Bringing science and development together through original news and analysis

  • GPS data could speed up tsunami warnings

Faster tsunami warnings could be issued by using Global Positioning System (GPS) data alongside existing earthquake detection technology, scientists have found.

GPS data — provided by a satellite navigation system — could help cut the time lag from 20 minutes to around three minutes, according to results presented at the American Geophysical Union meeting in the United States, last week (8 December).

Seismic instruments — on which current warning systems are based — can take a long time accurately to assess an earthquake's strength, because readings from several locations need to be analysed. However, GPS stations can measure large vertical drops in ground elevation — the factor responsible for tsunamis — in real time.  

This information, when added to preliminary seismic data from the same location, can determine the size — and likely effects — of the earthquake in a matter of minutes.

All the technology is already in place in California and Japan, it is just a case of coordinating it, said Yehuda Bock, a researcher at the University of California, United States, who led the team.

"There's a separation between [scientific] communities that we need to fix," he said.

Adding seismic instruments to GPS centres would be costly — perhaps around US$22,000 per station — but Bock has developed a method at a fraction of the cost. Attaching an accelerometer — a device that measures the vibration or change in motion of a structure — instead can be achieved for a few thousand dollars and has already been shown to work in the laboratory.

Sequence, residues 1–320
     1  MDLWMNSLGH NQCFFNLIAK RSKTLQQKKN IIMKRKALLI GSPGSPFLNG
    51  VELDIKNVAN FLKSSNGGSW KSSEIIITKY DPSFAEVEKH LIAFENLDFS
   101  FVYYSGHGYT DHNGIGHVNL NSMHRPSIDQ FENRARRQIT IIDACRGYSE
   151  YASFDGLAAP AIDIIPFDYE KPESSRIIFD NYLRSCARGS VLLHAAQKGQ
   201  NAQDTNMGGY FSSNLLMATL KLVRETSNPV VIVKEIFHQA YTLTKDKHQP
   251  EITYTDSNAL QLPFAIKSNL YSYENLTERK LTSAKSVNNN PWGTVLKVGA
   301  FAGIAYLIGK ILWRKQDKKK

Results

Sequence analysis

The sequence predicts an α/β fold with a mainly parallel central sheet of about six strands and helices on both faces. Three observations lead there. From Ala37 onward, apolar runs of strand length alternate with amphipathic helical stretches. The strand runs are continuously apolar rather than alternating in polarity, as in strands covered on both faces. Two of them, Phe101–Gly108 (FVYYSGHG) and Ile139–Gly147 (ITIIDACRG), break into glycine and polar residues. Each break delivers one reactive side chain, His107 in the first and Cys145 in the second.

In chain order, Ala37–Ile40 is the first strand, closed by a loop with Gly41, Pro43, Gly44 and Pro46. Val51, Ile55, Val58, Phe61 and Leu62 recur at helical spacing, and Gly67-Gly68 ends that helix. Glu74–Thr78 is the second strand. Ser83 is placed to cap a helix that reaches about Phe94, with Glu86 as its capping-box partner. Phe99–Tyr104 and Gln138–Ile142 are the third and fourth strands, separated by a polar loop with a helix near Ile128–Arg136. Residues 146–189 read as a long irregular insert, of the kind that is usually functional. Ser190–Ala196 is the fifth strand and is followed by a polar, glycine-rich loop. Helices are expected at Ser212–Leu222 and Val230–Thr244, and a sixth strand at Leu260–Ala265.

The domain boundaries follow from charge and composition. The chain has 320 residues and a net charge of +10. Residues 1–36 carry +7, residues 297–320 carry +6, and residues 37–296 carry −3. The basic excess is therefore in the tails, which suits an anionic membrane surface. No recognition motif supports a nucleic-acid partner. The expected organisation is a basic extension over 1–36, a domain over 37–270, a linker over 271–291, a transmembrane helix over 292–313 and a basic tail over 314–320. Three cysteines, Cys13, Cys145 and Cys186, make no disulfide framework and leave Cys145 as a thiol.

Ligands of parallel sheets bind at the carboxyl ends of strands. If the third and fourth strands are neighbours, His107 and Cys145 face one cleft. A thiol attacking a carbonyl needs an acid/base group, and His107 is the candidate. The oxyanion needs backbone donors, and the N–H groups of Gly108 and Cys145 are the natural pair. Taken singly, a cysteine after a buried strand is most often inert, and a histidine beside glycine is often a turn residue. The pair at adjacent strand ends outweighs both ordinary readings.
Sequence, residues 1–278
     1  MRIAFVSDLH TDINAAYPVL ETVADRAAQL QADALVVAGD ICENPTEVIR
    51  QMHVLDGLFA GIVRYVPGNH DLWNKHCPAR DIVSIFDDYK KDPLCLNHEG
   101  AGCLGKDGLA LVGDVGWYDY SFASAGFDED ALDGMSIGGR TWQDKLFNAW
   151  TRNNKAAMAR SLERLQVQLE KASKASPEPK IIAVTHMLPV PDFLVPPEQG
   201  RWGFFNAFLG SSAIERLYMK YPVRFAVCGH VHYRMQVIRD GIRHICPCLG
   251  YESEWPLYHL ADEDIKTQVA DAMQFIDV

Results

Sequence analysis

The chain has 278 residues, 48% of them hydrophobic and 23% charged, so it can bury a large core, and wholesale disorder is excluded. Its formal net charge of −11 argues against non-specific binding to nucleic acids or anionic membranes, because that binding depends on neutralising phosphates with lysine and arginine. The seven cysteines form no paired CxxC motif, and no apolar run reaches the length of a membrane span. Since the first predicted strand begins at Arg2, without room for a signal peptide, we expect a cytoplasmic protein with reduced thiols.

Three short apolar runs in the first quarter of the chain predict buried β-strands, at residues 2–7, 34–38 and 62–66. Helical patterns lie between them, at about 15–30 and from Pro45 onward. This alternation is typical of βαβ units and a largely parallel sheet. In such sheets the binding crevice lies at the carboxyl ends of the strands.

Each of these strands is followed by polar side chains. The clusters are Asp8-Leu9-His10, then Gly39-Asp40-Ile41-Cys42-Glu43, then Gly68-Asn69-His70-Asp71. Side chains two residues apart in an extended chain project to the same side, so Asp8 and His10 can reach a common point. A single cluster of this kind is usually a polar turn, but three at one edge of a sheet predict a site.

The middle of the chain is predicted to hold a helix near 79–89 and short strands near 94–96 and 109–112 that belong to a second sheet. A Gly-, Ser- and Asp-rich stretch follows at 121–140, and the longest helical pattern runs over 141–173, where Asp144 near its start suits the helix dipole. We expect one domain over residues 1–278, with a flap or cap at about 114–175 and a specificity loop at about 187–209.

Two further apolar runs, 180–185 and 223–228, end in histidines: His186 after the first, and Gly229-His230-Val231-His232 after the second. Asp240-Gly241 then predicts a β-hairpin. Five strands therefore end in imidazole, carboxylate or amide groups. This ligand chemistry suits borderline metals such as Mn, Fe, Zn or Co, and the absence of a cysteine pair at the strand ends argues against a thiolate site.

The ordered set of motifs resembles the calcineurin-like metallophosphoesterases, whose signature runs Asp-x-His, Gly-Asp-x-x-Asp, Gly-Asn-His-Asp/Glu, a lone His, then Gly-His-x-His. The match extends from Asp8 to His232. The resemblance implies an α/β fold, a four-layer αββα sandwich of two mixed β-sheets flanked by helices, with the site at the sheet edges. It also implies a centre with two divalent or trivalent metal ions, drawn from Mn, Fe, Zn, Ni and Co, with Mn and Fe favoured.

"It should work really well, where it works," said Andrew Newman of the Georgia Institute of Technology in United States. But, with only a few places with the necessary GPS and seismic technology and with small islands lacking the space for installing the instruments, he stressed that the system might not be suitable for everywhere.

Only a small number of the roughly 1,200 GPS stations that exist in both Japan and the United States are close enough to seismic sensors to be used in the way that Bock proposes.

His team has received funding to develop and test a prototype device, which could be in place within six months.

Republish
We encourage you to republish this article online and in print, it’s free under our creative commons attribution license, but please follow some simple guidelines:
  1. You have to credit our authors.
  2. You have to credit SciDev.Net — where possible include our logo with a link back to the original article.
  3. You can simply run the first few lines of the article and then add: “Read the full article on SciDev.Net” containing a link back to the original article.
  4. If you want to also take images published in this story you will need to confirm with the original source if you're licensed to use them.
  5. The easiest way to get the article on your site is to embed the code below.
For more information view our media page and republishing guidelines.